A few weeks ago, I stopped at Starbucks after dropping the kids off at school. I had missed my morning cup of joe at home, and a tall black coffee was exactly what this momma needed. The drive-thru line was especially long that morning, so I decided to park and go in, even in my current state: pj shirt, no makeup, and messy hair. Apparently, I wasn’t the only mom who missed her morning coffee, and makeup.
As I stood in the shorter line inside the coffee shop, I couldn’t help but scan the pastries and cookies in front of me. Normally, I can scan the case and just keep going, but something caught my eye that morning (maybe it was a result of being mentally weak due to the lack of caffeine running through my veins): a pumpkin cake with cream cheese frosting. A few minutes later, I left the coffee shop with my coffee in hand, feeling perky from the first few sips of caffeine, and excited for some fall baking.
I bought my first can of pumpkin later that afternoon, and began working on a real food pumpkin loaf cake with cream cheese frosting. I wanted a pumpkin cake with a quick-bread texture that was completely refined-sugar-free. Something that could be served with a cup of coffee, while wearing an over-sized comfy sweater, on a fall weekend.
We haven’t even come close to sweater weather in Florida, so, for now, coffee and a pumpkin loaf cake will keep my longing-for-fall heart happy. Maybe even a pumpkin spice latte and a slice of pumpkin loaf cake? Too much pumpkin too soon? Yea, let’s just stick with the cake today.
This Starbucks-inspired cake only requires one bowl and a handful of real food ingredients, like: spelt flour (a whole grain flour), real butter, pumpkin, applesauce (because pumpkin and apples go hand-in-hand), and maple syrup. The final product is a slightly-sweet pumpkin loaf cake that I can feel good about enjoying, and serving my family, for a weekend breakfast treat alongside a cup of home-brewed coffee.
- 6 TB butter, melted and cooled to room temperature
- 1 cup (226 g) pumpkin puree (not pumpkin pie filling)
- ⅔ cup (160 ml) pure maple syrup
- ½ cup (125 g) unsweetened applesauce
- 3 eggs
- 1½ tsp pure vanilla extract (homemade)
- 1¾ cups (255 g) spelt flour (where to buy--see note under recipe)
- 2 tsp pumpkin pie spice (homemade)
- 1 tsp baking soda
- 1 tsp baking powder
- ¼ tsp salt
- 8 ounces cream cheese (I like Organic Valley brand.)
- 6 TB butter, room temperature
- ¼ cup pure maple syrup
- 1 tsp pure vanilla extract
- Preheat the oven 350F.
- In a large bowl, whisk together the melted butter, pumpkin puree, maple syrup, and applesauce. Whisk in the eggs, one at a time--I whisk each egg for about 10 seconds. Add in the vanilla extract.
- Add the dry ingredients to the wet ingredients: spelt flour, pumpkin pie spice, baking soda, baking powder, and salt. Stir to combine the ingredients.
- Grease a baking dish (For a thicker loaf cake, like the one pictured, I used a 10x7 baking dish. For more of a cake bar--think: a short cake-- use an 9x13 baking dish.), or line the baking dish with parchment paper. Spread the batter in the baking dish, and then bake the cake for about 35-40 minutes (for a 10X7 baking dish), until the center is firm to touch. If you're using a 9x13 pan, you'll want to reduce this time to 25-30 minutes (start checking on the cake through the oven window at around the 20 minute mark). Allow the cake to fully cool before spreading the cream cheese frosting.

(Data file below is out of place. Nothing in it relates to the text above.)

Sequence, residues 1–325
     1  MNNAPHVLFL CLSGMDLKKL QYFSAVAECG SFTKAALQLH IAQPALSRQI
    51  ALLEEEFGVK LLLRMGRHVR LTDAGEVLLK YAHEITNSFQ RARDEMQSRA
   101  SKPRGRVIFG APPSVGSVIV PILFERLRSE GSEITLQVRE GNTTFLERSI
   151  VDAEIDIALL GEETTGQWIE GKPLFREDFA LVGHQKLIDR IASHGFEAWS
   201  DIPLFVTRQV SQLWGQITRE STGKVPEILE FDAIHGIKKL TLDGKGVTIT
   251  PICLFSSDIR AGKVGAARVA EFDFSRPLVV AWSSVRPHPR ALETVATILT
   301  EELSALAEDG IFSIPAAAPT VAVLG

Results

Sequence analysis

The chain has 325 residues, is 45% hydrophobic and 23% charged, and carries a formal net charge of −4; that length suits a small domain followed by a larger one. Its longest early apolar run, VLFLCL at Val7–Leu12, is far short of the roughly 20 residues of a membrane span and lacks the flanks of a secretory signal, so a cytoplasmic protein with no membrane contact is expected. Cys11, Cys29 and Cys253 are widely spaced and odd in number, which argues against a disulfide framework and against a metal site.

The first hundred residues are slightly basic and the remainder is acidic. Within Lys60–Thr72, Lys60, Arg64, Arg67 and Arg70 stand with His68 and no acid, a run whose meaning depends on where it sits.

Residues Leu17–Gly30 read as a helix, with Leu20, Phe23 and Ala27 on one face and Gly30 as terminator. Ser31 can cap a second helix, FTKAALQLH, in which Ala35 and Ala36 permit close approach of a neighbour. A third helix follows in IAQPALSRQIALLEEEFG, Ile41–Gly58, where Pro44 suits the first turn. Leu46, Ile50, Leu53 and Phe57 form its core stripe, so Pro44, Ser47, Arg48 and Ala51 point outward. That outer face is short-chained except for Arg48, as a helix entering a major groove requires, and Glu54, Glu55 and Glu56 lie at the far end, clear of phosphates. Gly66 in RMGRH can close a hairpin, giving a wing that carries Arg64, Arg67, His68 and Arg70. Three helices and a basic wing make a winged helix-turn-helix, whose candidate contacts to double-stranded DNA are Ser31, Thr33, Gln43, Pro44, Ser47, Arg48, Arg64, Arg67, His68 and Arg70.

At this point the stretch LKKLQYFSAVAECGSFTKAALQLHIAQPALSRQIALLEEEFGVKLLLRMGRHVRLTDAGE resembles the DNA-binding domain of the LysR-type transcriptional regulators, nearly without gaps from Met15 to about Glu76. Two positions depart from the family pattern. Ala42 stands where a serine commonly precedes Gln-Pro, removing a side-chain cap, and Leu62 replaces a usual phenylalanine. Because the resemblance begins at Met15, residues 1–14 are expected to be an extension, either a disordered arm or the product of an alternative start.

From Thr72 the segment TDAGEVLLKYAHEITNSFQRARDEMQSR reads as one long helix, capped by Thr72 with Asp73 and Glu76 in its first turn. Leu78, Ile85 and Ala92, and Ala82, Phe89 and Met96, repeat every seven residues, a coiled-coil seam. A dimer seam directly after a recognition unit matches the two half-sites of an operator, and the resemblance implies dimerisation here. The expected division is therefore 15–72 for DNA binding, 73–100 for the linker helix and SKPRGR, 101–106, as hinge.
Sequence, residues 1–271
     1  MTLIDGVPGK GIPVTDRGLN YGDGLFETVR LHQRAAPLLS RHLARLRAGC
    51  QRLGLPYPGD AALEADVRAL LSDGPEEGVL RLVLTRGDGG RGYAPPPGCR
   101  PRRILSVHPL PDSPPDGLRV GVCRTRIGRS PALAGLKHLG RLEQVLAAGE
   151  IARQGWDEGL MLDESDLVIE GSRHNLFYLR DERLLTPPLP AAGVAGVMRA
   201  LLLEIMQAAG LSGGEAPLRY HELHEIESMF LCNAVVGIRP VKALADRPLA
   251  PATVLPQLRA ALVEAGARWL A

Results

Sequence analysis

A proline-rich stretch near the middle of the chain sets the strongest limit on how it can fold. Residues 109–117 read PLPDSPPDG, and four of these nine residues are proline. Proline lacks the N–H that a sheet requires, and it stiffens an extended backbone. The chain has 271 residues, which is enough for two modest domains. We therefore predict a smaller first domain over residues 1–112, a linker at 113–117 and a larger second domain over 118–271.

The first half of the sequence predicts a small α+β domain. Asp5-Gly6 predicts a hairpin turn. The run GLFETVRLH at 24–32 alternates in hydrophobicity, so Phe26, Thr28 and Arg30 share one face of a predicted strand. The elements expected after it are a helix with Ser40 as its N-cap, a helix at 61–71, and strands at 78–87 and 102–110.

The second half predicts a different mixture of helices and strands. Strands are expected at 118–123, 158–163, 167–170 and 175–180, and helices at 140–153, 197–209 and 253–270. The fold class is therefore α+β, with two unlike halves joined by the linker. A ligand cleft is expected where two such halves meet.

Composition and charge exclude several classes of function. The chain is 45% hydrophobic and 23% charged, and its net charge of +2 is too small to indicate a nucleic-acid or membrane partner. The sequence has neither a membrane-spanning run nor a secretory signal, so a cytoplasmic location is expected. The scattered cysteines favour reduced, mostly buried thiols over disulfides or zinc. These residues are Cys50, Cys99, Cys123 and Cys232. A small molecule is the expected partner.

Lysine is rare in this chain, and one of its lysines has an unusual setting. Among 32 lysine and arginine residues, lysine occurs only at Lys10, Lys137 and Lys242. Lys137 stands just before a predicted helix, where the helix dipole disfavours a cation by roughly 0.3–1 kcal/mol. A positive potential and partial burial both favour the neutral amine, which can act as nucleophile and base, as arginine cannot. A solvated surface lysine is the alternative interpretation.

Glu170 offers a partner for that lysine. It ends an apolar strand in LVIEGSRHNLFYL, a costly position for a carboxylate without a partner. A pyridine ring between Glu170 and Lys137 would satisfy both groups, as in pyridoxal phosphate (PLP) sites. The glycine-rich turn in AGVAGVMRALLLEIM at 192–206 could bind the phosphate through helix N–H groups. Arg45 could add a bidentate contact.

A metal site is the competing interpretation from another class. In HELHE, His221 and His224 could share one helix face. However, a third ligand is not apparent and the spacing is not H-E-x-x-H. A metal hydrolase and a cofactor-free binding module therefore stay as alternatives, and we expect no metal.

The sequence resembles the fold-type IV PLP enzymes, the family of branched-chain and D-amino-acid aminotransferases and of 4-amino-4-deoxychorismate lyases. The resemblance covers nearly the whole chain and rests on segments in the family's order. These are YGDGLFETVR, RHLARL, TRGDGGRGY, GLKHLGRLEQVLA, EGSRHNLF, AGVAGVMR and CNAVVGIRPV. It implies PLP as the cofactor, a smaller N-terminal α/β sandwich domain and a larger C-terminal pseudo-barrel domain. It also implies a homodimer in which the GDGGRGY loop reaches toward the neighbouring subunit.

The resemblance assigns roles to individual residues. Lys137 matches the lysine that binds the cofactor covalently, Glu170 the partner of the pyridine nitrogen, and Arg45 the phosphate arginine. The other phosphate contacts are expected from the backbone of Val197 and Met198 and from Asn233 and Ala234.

- For the frosting, using an electric mixer, beat together the cream cheese and butter. Add the maple syrup and vanilla, and continue to beat until the mixture is smooth and "fluffy." Spread the cream cheese frosting over the cooled bars. Store any leftover bars in the fridge.
This loaf cake isn’t super sweet, so it relies on the combo of frosting and the loaf cake to deliver the “full package” of a slightly sweet fall treat. I haven’t tried honey in this recipe, but my guess is that it may lend a sweeter taste–I’m just thinking out loud on this one. This cake is more of what I consider a brunch or “enjoyed with a cup of coffee and good friends on the weekend” kind of cake versus a super sweet dessert. Also, feel free to add more spice to this recipe–or even a touch of cinnamon (which is a spice in the pumpkin pie spice combo). There’s room to customize the spice flavor intensity in this recipe–just taste and modify as you go!
I’ve used both salted and unsalted Kerrygold butter in this recipe, and both have turned out just fine. So use what you have on hand.
This is another “I haven’t tried it, but it appears to be a good idea” note…I think this batter would turn into delicious muffins/cupcakes with the cream cheese frosting on top. Again, I haven’t tested this one, yet, but if you don’t want a giant loaf cake, then this may be an option. If you try it, let me know how it goes!
What’s Spelt Flour?
Spelt is believed to have originated in the Near East over 8,000 years ago, eventually making its way into Europe, particularly Germany. The mildly-nutty tasting spelt berry is considered an ancient grain much like einkorn, and is even referenced in the Bible. The spelt berry has not been hybridized like modern-day whole wheat. Spelt is sold in many conventional grocery stores, health food stores, and online.
Spelt has a lower gluten content than today’s whole wheat, making it easier to digest. Spelt is not gluten-free and should not be used by those with celiac disease or a severe gluten intolerance.
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